As America's indigenous peoples were displaced, their reservations moved, and members scattered, through the successive treaties with the government, tribal recognition became an intricate process that has befuddled even bona fide historic Indian tribes. According to the Code of Federal Regulations, in order for a tribe to be officially acknowledged, it must have been identified as an American Indian entity on a substantially continuous basis since 1900, demonstrate community, have political influence over its people, and proven descent from a historic tribe.
The 'Nato crew, which comes up short on every test, does not pretend to have a chance at federal recognition. But they argue they don't need it, nor want it. In Clayton's interpretation, federal recognition allows tribe only to qualify for services from the BIA, which he sees as a well-meaning detriment to Indian people. "It is a government agency that has served to control Indians, more than it has helped them," he says. "The BIA, like many government agencies, is dedicated mainly to its own self preservation."
It so happens that Clayton's rejection of the government's right to authenticate Indian tribes isn't that far-fetched a concept. In fact it falls in line with a vocal movement among Native Americans. Ward Churchill, a registered Keetoowah Cherokee, and the author of several books on Indian issues, has forced tribes in the lower 48 states and Alaska to come to grips over the controversial issue of outright rejecting the federal government in favor of self-governance.
In a recent interview with a Native American publication, Churchill, considered a firebrand by many tribal leaders, said, "The federal government is not a valid power (for Native Americans). It is the illusion of power, but they (Indians) are confused by it."
'Nato, at least in principal, is dedicated to making Indians self-sufficient, to wean them off the federal welfare at all levels. 'Nato will, however, accept government property as repayment for the land it owes Indians. Clayton says he has been encouraged and guided in his efforts by his Indian relatives in Oklahoma. Some of them are members of the Keetoowah band who live apart from the nearly 170,000 strong Cherokee Nation. The Keetoowah don't get federal money because they do not have a land base.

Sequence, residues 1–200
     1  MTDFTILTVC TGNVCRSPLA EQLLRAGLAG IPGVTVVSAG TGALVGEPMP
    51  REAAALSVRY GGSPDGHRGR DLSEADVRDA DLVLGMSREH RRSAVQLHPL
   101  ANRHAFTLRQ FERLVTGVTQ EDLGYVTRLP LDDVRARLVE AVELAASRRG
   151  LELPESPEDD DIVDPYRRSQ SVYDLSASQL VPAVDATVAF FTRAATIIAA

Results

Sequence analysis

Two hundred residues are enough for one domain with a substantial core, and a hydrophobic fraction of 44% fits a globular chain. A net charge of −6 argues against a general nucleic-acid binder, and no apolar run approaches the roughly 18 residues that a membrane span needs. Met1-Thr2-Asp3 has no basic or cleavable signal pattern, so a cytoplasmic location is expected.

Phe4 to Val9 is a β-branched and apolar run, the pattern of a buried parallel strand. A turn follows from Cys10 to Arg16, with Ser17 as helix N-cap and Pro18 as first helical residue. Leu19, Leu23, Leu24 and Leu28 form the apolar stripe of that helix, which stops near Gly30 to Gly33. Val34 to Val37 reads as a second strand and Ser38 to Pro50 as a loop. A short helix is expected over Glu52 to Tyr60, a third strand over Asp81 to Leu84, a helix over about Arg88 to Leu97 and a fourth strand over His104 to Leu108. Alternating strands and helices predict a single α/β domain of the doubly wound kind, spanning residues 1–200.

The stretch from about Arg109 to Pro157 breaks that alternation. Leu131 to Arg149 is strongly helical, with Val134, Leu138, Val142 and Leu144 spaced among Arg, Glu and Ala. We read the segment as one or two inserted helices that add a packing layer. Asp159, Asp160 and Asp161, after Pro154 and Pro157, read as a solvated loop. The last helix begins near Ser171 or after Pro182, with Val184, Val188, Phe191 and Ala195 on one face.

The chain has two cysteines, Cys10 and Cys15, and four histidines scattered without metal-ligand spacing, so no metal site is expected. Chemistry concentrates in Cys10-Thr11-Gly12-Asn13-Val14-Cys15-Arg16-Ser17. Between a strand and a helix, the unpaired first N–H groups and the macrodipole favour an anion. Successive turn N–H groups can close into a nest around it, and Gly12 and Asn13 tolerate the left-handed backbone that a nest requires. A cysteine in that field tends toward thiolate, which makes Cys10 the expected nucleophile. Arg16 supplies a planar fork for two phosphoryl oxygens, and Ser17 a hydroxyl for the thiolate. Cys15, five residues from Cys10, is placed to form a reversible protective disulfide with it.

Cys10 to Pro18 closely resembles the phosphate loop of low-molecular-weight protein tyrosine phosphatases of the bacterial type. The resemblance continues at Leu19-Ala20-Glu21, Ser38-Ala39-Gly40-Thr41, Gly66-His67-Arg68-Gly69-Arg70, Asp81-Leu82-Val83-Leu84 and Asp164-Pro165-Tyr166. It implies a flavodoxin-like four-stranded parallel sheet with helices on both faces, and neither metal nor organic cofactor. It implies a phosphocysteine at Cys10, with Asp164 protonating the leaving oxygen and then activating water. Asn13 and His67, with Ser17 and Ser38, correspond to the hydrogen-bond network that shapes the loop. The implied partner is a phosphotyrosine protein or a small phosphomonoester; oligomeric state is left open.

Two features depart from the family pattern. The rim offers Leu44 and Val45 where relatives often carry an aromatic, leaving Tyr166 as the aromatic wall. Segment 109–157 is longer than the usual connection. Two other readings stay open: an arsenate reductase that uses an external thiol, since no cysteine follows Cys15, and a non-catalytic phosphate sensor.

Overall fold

Another branch of his family belongs to the Four Mothers, a tribe made up of Cherokees, Choctaw, Chickasaw and Creek Indians, who are fiercely independent, he says, and accept no federal money.
"My people--the Keetoowah and the Four Mothers--are hurting. They want to make changes but they don't know how. So they need us," says Clayton. "The BIA isn't allowing any new tribes, so we got creative in order to take advantage of the special privileges and rights allowed for Indians."
Clayton believes he has found a legal loophole to get the tribe a degree of legitimacy to do its business. That loophole, he explains, is a state charter. He is basing this on his own interpretation, not of the federal code, but the Indian Reorganization Act of 1934 (IRA), which provided for the formalization of tribal governments and the formation of business corporations, and the Indian Self-Determination Act of 1988 (ISDA), enacted to stimulate Indian business enterprises.
In the law, as Clayton interprets it, the IRA refers to Indians as anyone living on a reservation in 1934 and their descendants. In the ISDA, an Indian tribe is defined as any tribe, group, community of Indians recognized as eligible for the services provided to Indians by the Secretary of the Interior because of their status as Indians. "Where did that status come from? From being Indians in the beginning," says Clayton. "It doesn't say their status as BIA Indians."
Clayton insists he did not pull this bit of sophistry and circular reasoning "out my hat," but arrived at it through careful study and with the assistance of Indian law scholars. He says he ran his theories by renown Indian law expert Kirke Kickingbird from Oklahoma City. "He [Kickingbird] said, 'Geez, Henry, OK,'" Clayton recalls.
Director of the Native American Legal Resource Center at the Oklahoma City School of Law, Kickingbird remembers the conversation with Clayton, but regrets giving him the impression he thought 'Nato was a valid tribe. "I didn't think it would work. But I didn't tell him that because I thought I misunderstood him."
When Kickingbird was assured by a reporter that he heard Clayton correctly, he says he amended his earlier comment. "As a general proposition, unless you are recognized by the federal government, you are not recognized to have powers of a government," says Kickingbird. "In this case [the 'Nato tribe], a number of people have formed a non-profit. There doesn't seem to be much basis to support the contention of a government. It may be possible for them to get a grant from the Department of Health and Human Services that recognizes they work with Indians, but not as a recognized government.